As an introduction to Xilinks FPGAs design, I began a tutorial which involved building a counter which output to a seven segment display. The software used was ISE design suite 13.2 and the FPGA used was part of a Spartan 3 development board (~$140).
The ASIC Solution
Previously, ASICs or application-specific integrated circuits where the popular way to do digital logic. Similar to the binary counter project, digital logic is employed to maintain a count as well as to decode the resulting counter value to a readable output. The digital logic that fulfills these roles resides on integrated circuits called binary counters and decoders, respectively. In their physical forms, as ASICs, these chips perform logical operations with a permanent arrangement of gates. For example, a binary decimal coded to seven segment decoder looks like the following.
Enter the FPGA
FPGA is an initialization for field programmable gate array which implies that the arrangement of gates (example seen in the schematic above) can be configured dynamically. This improves time to market and cuts down on development costs while providing endless amounts of customization and rapid testing. To describe the desired logic which is to be programmed to the FPGA, a hardware descriptive language or HDL is used. For this project, the Verilog HDL was used.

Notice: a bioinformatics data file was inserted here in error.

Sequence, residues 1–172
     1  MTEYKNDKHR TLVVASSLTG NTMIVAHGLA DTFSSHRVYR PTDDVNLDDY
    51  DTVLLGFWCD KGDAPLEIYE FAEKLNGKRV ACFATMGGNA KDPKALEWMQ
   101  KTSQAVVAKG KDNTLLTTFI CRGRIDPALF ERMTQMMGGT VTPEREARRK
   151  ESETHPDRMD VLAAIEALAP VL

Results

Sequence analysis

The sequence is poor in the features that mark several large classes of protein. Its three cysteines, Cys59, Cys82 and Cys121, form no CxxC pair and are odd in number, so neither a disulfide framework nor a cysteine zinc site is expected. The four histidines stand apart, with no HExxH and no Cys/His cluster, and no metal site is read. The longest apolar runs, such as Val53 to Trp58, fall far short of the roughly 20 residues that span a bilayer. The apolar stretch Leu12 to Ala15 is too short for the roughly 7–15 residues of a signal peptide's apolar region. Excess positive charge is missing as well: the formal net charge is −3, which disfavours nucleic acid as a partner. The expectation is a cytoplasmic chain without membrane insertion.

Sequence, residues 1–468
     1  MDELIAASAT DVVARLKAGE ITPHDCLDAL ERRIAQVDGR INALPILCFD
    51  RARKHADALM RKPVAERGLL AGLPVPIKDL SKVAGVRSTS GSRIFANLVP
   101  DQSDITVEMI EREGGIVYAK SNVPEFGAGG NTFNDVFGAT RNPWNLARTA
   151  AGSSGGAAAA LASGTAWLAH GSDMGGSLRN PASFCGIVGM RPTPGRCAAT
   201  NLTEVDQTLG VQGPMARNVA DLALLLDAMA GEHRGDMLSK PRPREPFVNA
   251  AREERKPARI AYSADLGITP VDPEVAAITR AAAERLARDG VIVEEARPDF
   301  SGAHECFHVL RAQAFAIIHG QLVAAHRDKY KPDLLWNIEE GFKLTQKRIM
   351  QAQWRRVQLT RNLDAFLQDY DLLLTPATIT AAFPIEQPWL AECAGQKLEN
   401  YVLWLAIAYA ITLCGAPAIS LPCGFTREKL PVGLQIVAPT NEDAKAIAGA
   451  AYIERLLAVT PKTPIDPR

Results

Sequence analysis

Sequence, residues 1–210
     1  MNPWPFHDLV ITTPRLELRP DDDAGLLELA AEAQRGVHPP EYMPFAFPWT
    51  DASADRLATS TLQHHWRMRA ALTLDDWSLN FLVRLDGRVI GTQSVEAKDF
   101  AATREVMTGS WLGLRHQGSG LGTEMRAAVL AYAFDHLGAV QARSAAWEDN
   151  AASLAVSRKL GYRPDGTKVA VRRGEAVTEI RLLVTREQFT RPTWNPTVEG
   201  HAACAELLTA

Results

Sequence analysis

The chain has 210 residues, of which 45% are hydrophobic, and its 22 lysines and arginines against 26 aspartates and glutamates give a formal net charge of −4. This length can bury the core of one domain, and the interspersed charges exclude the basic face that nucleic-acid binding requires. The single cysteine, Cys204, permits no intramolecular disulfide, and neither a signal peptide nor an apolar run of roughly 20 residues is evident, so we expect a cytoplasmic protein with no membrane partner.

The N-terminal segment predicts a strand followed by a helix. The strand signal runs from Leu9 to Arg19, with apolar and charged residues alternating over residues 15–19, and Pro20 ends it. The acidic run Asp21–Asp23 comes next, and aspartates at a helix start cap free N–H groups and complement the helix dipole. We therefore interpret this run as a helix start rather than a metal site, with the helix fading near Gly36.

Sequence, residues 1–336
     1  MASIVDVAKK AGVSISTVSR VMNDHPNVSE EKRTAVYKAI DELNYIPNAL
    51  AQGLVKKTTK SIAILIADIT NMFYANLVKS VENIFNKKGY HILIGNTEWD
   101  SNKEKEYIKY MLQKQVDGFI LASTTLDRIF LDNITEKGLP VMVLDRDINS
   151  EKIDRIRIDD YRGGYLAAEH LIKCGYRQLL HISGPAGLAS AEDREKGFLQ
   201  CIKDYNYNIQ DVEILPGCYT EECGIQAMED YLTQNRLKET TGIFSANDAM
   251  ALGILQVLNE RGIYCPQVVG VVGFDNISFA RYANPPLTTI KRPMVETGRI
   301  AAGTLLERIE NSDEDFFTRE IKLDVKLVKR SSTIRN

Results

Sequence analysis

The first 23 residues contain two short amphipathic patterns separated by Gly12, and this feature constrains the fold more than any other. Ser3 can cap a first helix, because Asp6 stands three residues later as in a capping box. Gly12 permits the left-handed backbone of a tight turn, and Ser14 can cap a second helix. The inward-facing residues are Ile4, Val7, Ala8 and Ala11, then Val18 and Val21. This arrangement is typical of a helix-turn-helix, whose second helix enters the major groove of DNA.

Relatively simple logical ICs like the decoder are fairly easy to recreate in code while other logical ICs are not practical to re-develop in a “soft” format. Fortunately, in the world of FPGAs, IP cores (intellectual property cores) can be purchased and programmed to the FPGA. In fact, many IP cores are free. IP cores range in complexity and include many popular digital logic components such as micro-controllers, adders, decoders, VGA processing modules and more. With proper training, one could develop a system on chip solution in which a single FPGA provides as all major system functions like RAM, I/O, and Computation. Aside from being field programmable, this type of design reduces hardware complexity and chip count alike.
After completing the tutorial and expanding on the design substantially, the result is a resettable 4 digit seven segment counter that can operate at 8 different count speeds ranging from 1Hz to 1kHz. One of the biggest obstacles was multiplexing the display, necessitated by the nature of the seven segment display interface. This obstacle was overcome through the use of another clock which controls the previous and next digit to be written.The finished counter is showcased in the YouTube video above and is implemented entirely using Verilog.